The United States can achieve a better competitive position by introducing productivity and efficiency into its use of human and natural resources. The better we can compete in the national arena, the greater we can improve quality of life. NIF contributes to U.S. competitiveness significantly by training future generations of scientists. From tours of the facility to our highly competitive summer student program to collaborations with universities to our renowned post-doctoral scholar appointments, NIF is teaching future science stars.
Recently, a NIF partnership with the California Mechatronics Center within the Mechanical Engineering, Mechatronics Engineering & Manufacturing Department at California State University, Chico, produced a remote-controlled robot that now prowls Level 2 of the Target Bay in the NIF facility. It has an important job: checking beta and gamma radiation levels after a high-neutron-yield NIF experiment.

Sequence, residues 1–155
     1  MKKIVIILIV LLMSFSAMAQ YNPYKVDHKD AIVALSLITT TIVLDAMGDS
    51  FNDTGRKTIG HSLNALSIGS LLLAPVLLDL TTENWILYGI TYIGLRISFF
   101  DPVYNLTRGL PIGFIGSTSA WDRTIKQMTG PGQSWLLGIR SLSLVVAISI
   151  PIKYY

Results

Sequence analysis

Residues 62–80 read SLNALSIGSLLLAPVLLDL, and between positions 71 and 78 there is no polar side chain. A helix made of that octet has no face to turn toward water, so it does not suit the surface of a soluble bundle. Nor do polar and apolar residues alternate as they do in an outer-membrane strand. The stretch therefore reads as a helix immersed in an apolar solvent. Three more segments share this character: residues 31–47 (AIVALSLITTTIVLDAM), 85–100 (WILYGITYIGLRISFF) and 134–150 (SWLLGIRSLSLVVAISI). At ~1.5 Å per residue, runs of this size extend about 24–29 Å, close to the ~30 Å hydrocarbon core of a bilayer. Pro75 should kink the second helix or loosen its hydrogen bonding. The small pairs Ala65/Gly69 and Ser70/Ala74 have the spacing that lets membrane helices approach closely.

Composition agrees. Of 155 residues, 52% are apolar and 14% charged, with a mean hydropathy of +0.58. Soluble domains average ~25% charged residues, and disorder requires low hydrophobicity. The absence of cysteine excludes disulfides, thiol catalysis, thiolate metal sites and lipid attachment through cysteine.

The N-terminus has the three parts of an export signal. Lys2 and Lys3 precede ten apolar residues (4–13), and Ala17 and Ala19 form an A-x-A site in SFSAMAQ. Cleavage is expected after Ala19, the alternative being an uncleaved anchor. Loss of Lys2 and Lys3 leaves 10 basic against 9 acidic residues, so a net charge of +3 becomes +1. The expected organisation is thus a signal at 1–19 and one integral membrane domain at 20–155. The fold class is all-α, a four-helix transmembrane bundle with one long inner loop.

The robot, dubbed D2T3 in honor of the NIF fusion fuel isotopes deuterium and tritium, recently passed its first remote-control field test and AHJ (Authority Having Jurisdiction) inspection. System Manager Casey Schulz, a mechanical and robotics engineer who has helped develop a wide variety of robotic systems, says the robot can be operated remotely from anywhere in Bldg. 581 with access to the NIF wireless network.
D2T3 is equipped with six cameras and six visual laser references to provide positioning and guidance information for its operators. The Fluke Ion Chamber beta/gamma survey instrument can be lowered from its normal chest-high position so the robot can “duck” under the low-clearance target positioner housings that protrude into the Target Bay. Several safety features are built into the system, including an emergency stop function if communication is lost, either on the robot or at the control station.